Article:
The Festival of Nine Lessons and Carols is a Church of England Christmas Eve service that began at Cambridge University's King's College Chapel in 1918, was first broadcast over the radio in 1928, and still draws millions of listeners around the world each year. The basic design, the reading of a Biblical "lesson" followed by a carol, has been copied widely in the Anglican church family, including American's Episcopalian churches. I've heard broadcasts of "Lessons and Carols" a couple of times on Christmas Eve, though I don't know if I've ever heard the full-bore Cambridge version. At King's College Chapel the readings are always the same, coming from both the 'old' and 'new' testaments, while the carols vary from year to year. American houses of worship tend to trim the pattern down some.
We heard an "Advent Festival of Lessons and Carols" last Sunday at a local church, St. John the Evangelist in Hingham, Mass., where the number of lessons was reduced to six, followed by sets of two carols: one more challenging piece of music sung by the chorus alone, followed by a hymn-book carol sung by the whole congregation. I walked away thinking there's still a lot of life left in this traditional service and that the basic format allows for a lot of creativity.
The choral music, most of it new to me, was great. After the first reading (from Genesis) the church chorus offered "Creator Alme Siderum" ("Creator of the Starry Skies") by 16th century composer Michael Preatorius with Latin lyrics followed by English translations.The second choral work, a modern setting by Peter Warlock of a medieval text: "Adam lay ybounden," was familiar to me because Sting included it on a recent album, one of my favorite contemporary Christmas albums. The work has a haunting melody for a theme described as: "Adam and Eve rebel and are cast out of the Garden of Eden."
I know how they feel. I call it 'winter.'
The other pieces sung by the church chorus were all settings by 20th century composers: Paul Manz ("E'en So, Lord Jesus, Quickly Come"), Vaughan Williams ("This is the Truth Sent from Above"), Elizabeth Poston, and Paul Hadley.
While unfamiliar, the works were beautiful and accessible on first hearing. Lyrics came from earlier centuries, such as this verse from Poston's 'Jesus Christ the Apple Tree': "This fruit doth make my soul to thrive/ It keeps my dying faith alive; /Which makes my soul in hast to be/ With Jesus Christ the apple tree."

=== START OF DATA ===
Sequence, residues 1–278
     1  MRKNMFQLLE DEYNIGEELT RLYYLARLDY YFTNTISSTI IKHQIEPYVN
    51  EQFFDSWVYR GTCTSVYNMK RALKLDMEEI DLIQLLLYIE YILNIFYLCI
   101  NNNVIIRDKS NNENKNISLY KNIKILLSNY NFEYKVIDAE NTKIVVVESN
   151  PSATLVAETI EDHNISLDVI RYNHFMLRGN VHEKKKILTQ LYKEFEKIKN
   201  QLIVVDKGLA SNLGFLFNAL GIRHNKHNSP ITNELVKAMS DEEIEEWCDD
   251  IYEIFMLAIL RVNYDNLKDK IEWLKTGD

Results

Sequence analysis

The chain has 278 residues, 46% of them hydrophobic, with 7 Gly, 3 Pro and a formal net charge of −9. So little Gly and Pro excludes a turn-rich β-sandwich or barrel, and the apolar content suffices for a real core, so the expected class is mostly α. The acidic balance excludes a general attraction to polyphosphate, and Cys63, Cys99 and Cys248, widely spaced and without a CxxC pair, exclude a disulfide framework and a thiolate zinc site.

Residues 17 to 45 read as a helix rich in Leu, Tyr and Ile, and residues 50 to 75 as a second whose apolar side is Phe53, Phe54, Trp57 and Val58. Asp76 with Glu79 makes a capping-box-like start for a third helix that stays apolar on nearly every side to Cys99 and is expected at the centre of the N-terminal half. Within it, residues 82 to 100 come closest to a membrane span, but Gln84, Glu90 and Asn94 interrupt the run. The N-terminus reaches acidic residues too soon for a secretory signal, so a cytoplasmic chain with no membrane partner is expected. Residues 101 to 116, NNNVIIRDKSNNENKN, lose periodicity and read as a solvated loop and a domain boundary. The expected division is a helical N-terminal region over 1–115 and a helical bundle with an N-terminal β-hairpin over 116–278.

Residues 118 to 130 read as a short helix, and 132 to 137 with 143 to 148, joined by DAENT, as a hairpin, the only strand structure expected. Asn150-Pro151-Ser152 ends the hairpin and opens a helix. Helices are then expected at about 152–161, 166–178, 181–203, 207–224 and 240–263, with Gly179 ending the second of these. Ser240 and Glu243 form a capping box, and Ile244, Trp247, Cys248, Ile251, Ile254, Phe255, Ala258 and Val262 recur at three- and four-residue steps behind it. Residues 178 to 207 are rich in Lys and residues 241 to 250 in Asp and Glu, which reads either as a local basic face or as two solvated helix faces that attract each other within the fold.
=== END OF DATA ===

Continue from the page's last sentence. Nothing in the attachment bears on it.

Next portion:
Comparing Christ to the apple tree may be a little unfashionable, but when it comes to old, weirdly puzzling stuff, nothing can beat what you're liable to find in the Bible. The end of the second book of Genesis (the service's first reading) concludes with these shockers, following upon God's production of a 'helpmeet' for Adam via bone surgery: "That is why a man leaves his father and mother and is united to his wife, and they become one flesh."
Uh, what father and mother? We're hearing the creation story with Adam as central figure, and I really can't recall any mention of Mom and Pop (not surprising perhaps since Adam, we are told, was compounded of dust). We then hear: "Adam and his wife were both naked, and they felt no shame." Why should they have? The sentence implies that a concept of 'shame' pre-existed the creation of human beings. It's as if they were created to illustrate it.Then we come to that second reading (the aforementioned "Adam and Eve rebel and are cast out of the Garden of Eden"). If this isn't entrapment, I don't know what it is. God creates the tree of knowledge, an attractive nuisance for sure, and says "that's the best one, so don't touch it." Once Adam discovers by sad experience why the tree is special, he knows he has to hide. What 'knowledge' turns out to be is knowing that one is naked -- perhaps a way of distinguishing humans as essentially different from the animals, who never have to decide what to wear in the morning. When Adam tells God why he's hiding (“I heard you in the garden, and I was afraid because I was naked; so I hid”), God is on to him like a dog on a bone. 'Ah ha, [my own translation] you must have eaten from the tree I told you stay away from. That's the truth, here's the consequence: banishment, mortality, labor, pain.' A little steep?
Luke's account of the annunciation of God's plan for Mary (Luke 1:26-56, the sixth and final lesson in this version of the service) raises tricky moral and epistemological questions as well. Told of her destiny by the angel, Mary responds, “How will this be since I am a virgin?” The angel's answer, as we read in the New Standard Revision: “The Holy Spirit will come on you, and the power of the Most High will overshadow you." In the translation read at the service the verb "overcome" is used for both these encounters, more squarely raising the question of Mary's consent. Would 'no' mean 'no' to the divinity?
These ancient texts may leave us with a little more second-guessing than the "Lessons and Carols" services have intended to provoke. But both words, and music, and especially putting the two so closely together, provide a rich experience. It's one that I will happily put under the memory tree this Christmas.